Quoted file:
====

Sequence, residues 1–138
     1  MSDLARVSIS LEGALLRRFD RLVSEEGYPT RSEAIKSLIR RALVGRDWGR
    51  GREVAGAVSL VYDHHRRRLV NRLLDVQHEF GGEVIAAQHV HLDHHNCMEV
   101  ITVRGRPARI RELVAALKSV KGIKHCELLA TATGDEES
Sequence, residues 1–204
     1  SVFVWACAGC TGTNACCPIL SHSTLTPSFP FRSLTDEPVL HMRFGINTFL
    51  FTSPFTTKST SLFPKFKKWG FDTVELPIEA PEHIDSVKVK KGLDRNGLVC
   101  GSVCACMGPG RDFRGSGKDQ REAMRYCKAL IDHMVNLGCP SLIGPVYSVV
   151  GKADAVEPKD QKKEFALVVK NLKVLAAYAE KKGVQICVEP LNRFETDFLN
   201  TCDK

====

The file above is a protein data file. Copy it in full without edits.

Sequence, residues 1–138
     1  MSDLARVSIS LEGALLRRFD RLVSEEGYPT RSEAIKSLIR RALVGRDWGR
    51  GREVAGAVSL VYDHHRRRLV NRLLDVQHEF GGEVIAAQHV HLDHHNCMEV
   101  ITVRGRPARI RELVAALKSV KGIKHCELLA TATGDEES
Sequence, residues 1–204
     1  SVFVWACAGC TGTNACCPIL SHSTLTPSFP FRSLTDEPVL HMRFGINTFL
    51  FTSPFTTKST SLFPKFKKWG FDTVELPIEA PEHIDSVKVK KGLDRNGLVC
   101  GSVCACMGPG RDFRGSGKDQ REAMRYCKAL IDHMVNLGCP SLIGPVYSVV
   151  GKADAVEPKD QKKEFALVVK NLKVLAAYAE KKGVQICVEP LNRFETDFLN
   201  TCDK